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   PastimesCar Nut Corner: All About Cars


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From: longz5/13/2019 11:40:42 PM
4 Recommendations   of 3329
 
The Oldest-Surviving Porsche Will Probably Fetch $20 Million at Auction
Type 64 #03 was built in 1940 by Ferry Porsche, and it's the only one of its kind to survive.
t.co…/oldest-porsche-type-64-no-3…/

roadandtrack.com


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To: da_cheif™ who wrote (3044)5/16/2019 6:26:19 PM
From: carranza2
3 Recommendations   of 3329
 
When I was young and poor, I had a used 1972 BMW 2002, not a tii. Most fun car

What a car! Could do lots of the work myself.

No. 2 in fun list was a 1988 SAAB 900 SPG, exactly like the one below. Darth Vader's car. Loved that machine.


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From: SI Ron (Soup Nazi)5/17/2019 10:32:55 PM
3 Recommendations   of 3329
 
My Uncle always wanted one of these.



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To: SI Ron (Soup Nazi) who wrote (3063)5/21/2019 12:30:22 AM
From: J.F. Sebastian
3 Recommendations   of 3329
 


1966 Ford Mustang Fastback 2+2

While this was not the car I owned back in the mid 80's, it is a close approximation. I had always loved the look of the early Ford Mustangs, but usually the coupe models. I liked the Fastbacks as well once I saw one, so I was hooked.

The paint on mine was the same color as in the photo, but oxidized; it had different, brushed aluminum wheels; and it did not have roll bars installed inside. It was a 289 V8 with a 4-speed manual transmission.

It had a Chevy transmission installed when I bought it, so when it went bad one summer at my local grocery store, I had to drive home in reverse. Luckily it was less than two miles to get home. Bought a used 4-speed Ford T-10 Borg Warner manual transmission at a local Mustang junkyard and had it rebuilt using my summer job money.

The following summer the engine blew out, so I had it rebuilt too. The cylinders were bored .060 over, which took it closer to a 302 V8. Had the same job again and it paid well, so money wasn't an issue. It was already a quick car, but even better after the rebuild and very fun to drive. Not to mention, it had the low rumble of a V8 I've always loved.

I kept buying parts along the way to restore it, but I didn't install them as I went along, I wanted to put them all on at once after I had it painted. Unfortunately, I totaled the car in 1987 and never got the chance. By the time I started selling the brand new replacement parts, some had gone up in value by quite a bit and it was fortunate I hadn't put them on the car.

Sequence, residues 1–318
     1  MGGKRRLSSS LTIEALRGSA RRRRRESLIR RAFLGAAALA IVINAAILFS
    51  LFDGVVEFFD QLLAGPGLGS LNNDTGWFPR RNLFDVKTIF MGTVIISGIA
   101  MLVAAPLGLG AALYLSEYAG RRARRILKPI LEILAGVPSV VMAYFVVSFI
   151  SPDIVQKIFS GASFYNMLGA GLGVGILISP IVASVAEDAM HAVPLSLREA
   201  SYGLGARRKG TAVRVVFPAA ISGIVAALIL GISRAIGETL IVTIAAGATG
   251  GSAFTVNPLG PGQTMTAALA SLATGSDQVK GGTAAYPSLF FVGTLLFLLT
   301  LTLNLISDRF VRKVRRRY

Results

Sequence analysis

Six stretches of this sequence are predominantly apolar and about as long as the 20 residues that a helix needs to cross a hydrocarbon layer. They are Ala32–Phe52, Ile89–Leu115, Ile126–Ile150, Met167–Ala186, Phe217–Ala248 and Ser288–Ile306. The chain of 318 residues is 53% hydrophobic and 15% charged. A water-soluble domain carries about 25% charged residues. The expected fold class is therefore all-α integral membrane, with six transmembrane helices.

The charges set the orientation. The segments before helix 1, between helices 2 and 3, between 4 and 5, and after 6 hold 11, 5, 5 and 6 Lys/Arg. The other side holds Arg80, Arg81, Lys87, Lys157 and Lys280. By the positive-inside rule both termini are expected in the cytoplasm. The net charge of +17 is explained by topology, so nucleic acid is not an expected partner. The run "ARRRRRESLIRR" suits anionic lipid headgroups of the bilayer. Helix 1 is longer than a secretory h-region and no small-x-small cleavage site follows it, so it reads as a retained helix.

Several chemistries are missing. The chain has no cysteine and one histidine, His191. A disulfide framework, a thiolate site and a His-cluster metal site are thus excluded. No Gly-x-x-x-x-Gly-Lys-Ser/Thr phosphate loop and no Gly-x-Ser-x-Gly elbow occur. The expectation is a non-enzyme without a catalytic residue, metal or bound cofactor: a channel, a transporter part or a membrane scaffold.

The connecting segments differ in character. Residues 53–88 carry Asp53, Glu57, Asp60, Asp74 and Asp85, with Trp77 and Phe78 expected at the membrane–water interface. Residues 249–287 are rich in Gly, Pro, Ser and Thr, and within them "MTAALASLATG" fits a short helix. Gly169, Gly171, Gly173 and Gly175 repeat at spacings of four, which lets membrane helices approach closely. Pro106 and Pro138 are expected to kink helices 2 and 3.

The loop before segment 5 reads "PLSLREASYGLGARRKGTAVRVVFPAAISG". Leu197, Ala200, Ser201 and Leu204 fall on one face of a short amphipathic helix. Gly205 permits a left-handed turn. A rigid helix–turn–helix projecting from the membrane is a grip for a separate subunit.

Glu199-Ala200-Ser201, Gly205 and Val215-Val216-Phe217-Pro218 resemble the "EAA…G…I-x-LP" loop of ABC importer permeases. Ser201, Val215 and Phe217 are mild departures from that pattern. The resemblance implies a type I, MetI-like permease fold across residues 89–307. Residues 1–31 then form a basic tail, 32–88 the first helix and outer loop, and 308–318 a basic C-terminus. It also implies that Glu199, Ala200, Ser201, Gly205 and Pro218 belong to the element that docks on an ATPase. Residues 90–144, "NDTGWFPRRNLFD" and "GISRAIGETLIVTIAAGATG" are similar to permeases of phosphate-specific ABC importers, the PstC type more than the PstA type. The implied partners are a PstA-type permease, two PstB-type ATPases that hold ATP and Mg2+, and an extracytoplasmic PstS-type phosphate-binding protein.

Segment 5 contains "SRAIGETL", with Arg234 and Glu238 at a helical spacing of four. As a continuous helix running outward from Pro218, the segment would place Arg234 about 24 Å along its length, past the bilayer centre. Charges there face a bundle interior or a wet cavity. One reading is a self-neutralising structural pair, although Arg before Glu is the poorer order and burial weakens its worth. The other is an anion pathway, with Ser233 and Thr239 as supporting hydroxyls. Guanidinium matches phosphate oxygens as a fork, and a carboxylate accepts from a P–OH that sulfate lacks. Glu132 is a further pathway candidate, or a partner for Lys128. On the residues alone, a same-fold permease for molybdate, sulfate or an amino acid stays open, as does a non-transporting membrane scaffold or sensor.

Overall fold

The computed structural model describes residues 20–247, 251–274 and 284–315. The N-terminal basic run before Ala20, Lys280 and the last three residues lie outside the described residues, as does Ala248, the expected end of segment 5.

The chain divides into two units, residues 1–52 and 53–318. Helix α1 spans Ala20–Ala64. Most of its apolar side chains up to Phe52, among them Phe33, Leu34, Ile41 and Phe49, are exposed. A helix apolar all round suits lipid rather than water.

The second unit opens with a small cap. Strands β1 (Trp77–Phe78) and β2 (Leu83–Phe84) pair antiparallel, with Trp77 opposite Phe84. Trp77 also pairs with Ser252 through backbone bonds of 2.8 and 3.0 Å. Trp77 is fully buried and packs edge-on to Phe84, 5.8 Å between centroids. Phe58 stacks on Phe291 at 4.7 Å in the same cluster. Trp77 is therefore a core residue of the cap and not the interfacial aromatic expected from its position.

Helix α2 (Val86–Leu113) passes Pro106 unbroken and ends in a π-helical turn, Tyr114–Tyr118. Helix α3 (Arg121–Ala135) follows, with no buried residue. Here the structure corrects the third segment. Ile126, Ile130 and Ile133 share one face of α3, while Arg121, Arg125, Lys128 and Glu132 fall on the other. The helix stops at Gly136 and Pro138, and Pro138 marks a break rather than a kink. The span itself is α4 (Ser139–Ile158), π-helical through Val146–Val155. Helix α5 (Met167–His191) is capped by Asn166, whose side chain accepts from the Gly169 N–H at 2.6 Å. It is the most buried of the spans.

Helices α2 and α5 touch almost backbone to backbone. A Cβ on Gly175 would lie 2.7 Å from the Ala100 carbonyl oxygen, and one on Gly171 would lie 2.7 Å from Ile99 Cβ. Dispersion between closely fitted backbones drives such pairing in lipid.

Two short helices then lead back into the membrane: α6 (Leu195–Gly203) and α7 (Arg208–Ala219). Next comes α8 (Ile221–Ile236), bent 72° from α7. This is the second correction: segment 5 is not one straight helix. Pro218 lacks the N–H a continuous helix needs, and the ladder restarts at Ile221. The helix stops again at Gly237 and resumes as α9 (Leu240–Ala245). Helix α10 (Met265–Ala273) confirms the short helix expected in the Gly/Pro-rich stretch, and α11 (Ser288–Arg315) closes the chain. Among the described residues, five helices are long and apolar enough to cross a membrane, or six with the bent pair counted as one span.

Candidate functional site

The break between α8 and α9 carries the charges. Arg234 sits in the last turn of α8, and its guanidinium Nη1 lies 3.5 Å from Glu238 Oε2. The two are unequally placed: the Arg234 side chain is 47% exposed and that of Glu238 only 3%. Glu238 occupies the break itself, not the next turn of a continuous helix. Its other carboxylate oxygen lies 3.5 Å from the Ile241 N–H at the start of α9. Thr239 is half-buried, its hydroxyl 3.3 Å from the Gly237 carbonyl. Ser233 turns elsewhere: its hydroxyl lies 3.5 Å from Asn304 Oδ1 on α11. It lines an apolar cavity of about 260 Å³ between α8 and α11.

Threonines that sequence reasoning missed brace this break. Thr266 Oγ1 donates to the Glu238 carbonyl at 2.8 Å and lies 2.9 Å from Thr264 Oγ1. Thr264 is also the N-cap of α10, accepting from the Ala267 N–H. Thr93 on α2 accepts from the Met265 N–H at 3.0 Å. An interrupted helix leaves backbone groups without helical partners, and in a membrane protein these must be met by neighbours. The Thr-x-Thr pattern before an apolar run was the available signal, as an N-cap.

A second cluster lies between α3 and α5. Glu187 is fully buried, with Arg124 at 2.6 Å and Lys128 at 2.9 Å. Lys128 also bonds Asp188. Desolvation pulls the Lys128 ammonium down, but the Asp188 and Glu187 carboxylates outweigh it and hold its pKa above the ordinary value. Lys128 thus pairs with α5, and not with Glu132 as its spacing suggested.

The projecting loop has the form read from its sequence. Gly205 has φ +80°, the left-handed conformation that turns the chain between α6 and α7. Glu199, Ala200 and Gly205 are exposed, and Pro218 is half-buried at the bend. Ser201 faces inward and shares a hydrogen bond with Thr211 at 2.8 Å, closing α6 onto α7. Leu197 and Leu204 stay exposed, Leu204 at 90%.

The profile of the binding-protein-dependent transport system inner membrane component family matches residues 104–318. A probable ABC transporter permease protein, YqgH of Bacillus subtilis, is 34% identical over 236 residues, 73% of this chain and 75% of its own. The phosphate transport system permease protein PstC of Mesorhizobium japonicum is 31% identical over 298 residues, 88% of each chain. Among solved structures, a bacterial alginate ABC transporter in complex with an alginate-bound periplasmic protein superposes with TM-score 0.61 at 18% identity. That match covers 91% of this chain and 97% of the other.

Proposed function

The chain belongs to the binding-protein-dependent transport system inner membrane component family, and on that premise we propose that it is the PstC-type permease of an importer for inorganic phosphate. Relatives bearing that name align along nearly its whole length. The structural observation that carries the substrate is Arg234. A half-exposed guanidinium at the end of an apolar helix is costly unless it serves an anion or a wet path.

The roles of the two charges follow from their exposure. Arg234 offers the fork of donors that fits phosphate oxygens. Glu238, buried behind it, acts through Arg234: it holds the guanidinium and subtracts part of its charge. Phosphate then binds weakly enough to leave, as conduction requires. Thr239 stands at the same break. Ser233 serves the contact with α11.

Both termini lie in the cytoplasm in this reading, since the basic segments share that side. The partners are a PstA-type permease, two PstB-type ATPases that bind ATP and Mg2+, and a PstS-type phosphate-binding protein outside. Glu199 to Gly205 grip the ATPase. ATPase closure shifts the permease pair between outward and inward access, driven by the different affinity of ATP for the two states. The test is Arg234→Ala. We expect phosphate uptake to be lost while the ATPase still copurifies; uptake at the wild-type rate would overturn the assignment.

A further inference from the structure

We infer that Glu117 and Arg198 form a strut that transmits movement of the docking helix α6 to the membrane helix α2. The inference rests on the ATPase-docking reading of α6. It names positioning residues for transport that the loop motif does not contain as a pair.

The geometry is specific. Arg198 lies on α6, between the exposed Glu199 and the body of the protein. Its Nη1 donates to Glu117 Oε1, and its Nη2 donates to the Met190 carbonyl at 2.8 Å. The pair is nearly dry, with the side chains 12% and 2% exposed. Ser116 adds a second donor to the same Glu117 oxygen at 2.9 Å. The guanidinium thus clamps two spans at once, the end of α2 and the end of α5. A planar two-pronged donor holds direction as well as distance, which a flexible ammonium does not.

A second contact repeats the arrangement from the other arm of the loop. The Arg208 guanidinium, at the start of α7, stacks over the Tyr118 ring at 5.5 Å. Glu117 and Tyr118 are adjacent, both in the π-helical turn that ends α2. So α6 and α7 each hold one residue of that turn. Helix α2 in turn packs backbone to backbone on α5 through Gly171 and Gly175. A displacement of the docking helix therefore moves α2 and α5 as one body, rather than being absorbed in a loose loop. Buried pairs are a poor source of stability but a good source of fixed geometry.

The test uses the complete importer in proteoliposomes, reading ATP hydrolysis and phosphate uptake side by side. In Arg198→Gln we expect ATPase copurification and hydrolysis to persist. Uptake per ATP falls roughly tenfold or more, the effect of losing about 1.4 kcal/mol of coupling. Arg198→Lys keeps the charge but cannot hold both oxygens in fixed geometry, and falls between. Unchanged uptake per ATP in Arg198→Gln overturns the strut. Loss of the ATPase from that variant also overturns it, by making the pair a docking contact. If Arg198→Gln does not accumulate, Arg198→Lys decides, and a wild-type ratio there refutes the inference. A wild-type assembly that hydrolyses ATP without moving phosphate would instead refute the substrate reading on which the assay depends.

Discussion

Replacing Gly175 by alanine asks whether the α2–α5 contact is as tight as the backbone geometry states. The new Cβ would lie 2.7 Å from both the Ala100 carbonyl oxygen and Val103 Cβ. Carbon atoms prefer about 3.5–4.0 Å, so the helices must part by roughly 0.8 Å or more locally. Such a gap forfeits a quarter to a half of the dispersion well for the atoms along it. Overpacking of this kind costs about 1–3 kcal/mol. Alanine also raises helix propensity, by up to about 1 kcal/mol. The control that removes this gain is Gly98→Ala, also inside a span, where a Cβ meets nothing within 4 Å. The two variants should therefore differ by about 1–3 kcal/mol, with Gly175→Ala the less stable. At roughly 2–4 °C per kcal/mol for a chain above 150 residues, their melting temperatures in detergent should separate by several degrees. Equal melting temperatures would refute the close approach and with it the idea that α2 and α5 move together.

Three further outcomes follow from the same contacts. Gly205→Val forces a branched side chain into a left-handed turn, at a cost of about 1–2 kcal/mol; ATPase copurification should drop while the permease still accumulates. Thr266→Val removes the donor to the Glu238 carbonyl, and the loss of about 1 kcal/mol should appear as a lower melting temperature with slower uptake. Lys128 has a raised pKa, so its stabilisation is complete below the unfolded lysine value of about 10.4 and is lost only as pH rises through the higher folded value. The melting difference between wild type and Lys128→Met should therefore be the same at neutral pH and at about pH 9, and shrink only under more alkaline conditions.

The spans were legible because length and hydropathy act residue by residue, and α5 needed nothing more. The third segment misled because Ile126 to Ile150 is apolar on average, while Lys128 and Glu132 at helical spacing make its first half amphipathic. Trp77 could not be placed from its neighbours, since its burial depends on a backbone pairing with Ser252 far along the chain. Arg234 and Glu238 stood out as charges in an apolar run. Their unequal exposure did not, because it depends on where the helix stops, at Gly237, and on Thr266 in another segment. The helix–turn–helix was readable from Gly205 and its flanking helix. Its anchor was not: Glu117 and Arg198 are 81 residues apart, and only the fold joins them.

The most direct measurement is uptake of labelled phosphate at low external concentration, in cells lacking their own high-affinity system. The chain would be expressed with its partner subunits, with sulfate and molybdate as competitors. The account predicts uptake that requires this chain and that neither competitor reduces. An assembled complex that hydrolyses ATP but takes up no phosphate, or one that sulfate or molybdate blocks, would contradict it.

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To: J.F. Sebastian who wrote (3077)5/21/2019 12:43:50 AM
From: SI Ron (Soup Nazi)
1 Recommendation   of 3329
 
Nice car, and a stock car now is worth a pile of money. I use to restore Chevelles. I had all brand new front chrome parts for a 67, grille, headlamp doors the whole ball of wax for the front end of a 67. I sold it to a mechanic friend for pennies on the dollar. Who knew these cars would appreciate so much back in the 80's or OEM parts for it as well.

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To: SI Ron (Soup Nazi) who wrote (3078)5/21/2019 10:11:00 AM
From: wilywilly
1 Recommendation   of 3329
 
I use to restore Chevelles.
Here is a dad's Chevelle that his 16-yr old son took for a drive in San Diego recently (speed limit in this residential neighborhood is 25 MPH.)


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To: J.F. Sebastian who wrote (3077)5/21/2019 10:33:44 AM
From: robert b furman
1 Recommendation   of 3329
 
Hi JF,

Obviously a sign of good KARMA <smile>

Bob

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To: SI Ron (Soup Nazi) who wrote (3078)5/21/2019 10:37:11 AM
From: robert b furman
1 Recommendation   of 3329
 
Hi Ron,

I always thought the 67 was beautiful. I liked the rounded lines of the 66 as well.

By 68 and 68 they really were sporty family cars, but for me too big.

I was always the single Camaro guy.

I've always dreamed of having a 66 or 67 El Camino big block with that great looking SS hood.

Bob

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To: SI Ron (Soup Nazi) who wrote (3078)5/21/2019 11:25:09 AM
From: J.F. Sebastian
1 Recommendation   of 3329
 
Who knew these cars would appreciate so much back in the 80's or OEM parts for it as well.
True. I remember reading back then at the time that after 20 years, cars were considered "classic," so the muscle cars of the 1960's were just becoming appreciated all over again. The more stock a car was, the more it was worth. Even more so today!

That Mustang Fastback already had a lot of modifications to it when I bought it, so I finally forgave myself for not trying to make it stock again when I realized I really didn't like the look of the stock model of that car anyway.

I forgot to mention that the car originally came with the much more common 3-speed manual transmission from the factory. The T-10 4-speed was a relatively uncommon option for that car and quite sought after years later, which is one of the reasons I had it installed. That, plus the idea of a 3-speed manual always sounded odd to me.

I shudder to think what those OEM parts would go for today, I haven't checked. I do remember selling the front grille in its original box for $100 about 25 years ago.

When I find photos of the car I actually owned, I will scan them and post them here.

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To: J.F. Sebastian who wrote (3082)5/21/2019 12:39:11 PM
From: SI Ron (Soup Nazi)
   of 3329
 
I still have a brand new 69 Camaro nameplate. Never been installed. My father did have some new 69 Camaro parts we sold after he passed away in 93.

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